Cloud Feeds concepts


The Domain Name System (DNS) is a system by which internet domain name-to-address and address-to-name resolutions are determined. All domains and their components, such as mail servers, utilize DNS to resolve to the appropriate locations. DNS servers are usually set up in a master-slave relationship such that failure of the master invokes the slave. DNS servers may also be clustered or replicated such that changes made to one DNS server are automatically propagated to other active servers.


DNS understands only ASCII, so the Cloud DNS Service provides conversion between UTF-8 and ASCII on all calls into the system.


A domain is an entity/container of all DNS-related information containing one or more records.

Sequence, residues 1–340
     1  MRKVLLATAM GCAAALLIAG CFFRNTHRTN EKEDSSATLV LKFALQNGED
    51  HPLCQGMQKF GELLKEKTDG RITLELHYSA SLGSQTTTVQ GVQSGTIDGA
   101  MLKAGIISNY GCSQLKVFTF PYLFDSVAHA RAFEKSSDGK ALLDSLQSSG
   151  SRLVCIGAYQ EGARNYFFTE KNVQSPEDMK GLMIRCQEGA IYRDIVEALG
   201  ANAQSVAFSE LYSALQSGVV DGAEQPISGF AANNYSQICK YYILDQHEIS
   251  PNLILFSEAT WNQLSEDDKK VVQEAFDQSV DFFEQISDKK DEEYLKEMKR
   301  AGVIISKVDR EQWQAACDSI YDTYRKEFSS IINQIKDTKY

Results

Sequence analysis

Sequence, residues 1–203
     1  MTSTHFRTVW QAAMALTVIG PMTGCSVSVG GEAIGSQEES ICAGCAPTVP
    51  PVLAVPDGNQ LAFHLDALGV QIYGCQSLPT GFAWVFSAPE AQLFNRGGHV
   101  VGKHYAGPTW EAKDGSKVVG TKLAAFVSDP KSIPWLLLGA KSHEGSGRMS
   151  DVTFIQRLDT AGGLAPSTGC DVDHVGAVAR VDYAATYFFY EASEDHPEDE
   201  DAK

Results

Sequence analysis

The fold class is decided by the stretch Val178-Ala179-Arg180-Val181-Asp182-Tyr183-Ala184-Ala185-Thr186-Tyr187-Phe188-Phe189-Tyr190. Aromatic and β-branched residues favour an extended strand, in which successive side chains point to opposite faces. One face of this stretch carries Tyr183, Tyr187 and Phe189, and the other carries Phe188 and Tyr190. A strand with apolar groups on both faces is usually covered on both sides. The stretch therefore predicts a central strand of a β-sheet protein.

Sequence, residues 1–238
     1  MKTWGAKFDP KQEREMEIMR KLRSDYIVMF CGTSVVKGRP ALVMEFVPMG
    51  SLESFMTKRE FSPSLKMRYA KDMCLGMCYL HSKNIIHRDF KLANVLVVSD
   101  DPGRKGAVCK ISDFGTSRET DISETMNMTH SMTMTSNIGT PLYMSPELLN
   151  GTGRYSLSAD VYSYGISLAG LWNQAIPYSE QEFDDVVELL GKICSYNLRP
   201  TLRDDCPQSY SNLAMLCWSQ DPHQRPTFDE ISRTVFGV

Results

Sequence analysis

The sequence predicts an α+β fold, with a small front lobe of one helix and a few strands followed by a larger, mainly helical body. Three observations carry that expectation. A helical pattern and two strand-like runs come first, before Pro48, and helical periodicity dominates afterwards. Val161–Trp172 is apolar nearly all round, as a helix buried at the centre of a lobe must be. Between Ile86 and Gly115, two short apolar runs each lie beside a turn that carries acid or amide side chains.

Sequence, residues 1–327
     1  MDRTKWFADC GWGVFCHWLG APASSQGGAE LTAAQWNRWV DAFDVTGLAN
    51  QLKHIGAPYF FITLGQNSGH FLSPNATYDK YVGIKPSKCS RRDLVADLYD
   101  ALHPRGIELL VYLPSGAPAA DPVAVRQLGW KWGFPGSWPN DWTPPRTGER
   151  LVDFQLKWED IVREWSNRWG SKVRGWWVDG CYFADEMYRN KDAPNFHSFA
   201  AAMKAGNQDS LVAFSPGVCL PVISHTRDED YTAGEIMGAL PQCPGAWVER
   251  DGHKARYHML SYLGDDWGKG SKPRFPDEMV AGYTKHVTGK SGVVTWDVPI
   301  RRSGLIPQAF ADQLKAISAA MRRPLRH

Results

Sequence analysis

Subdomains are domains within a parent domain, and subdomains cannot be registered. Subdomains allow you to delegate domains. Subdomains can themselves have subdomains, so third-level, fourth-level, fifth-level, and deeper levels of nesting are possible.


A DNS record belongs to a particular domain and is used to specify information about the domain. There are several types of DNS records. Each record type contains particular information used to describe that record’s purpose. Examples include mail exchange (MX) records, which specify the mail server for a particular domain, and name server (NS) records, which specify the authoritative name servers for a domain.

Domain owner

Within Rackspace DNS, the account which creates the domain is the domain owner.


Domain registration is currently outside the scope of the Rackspace DNS API. Any references to ownership and management of domain information is only relevant within the context of the Rackspace DNS system.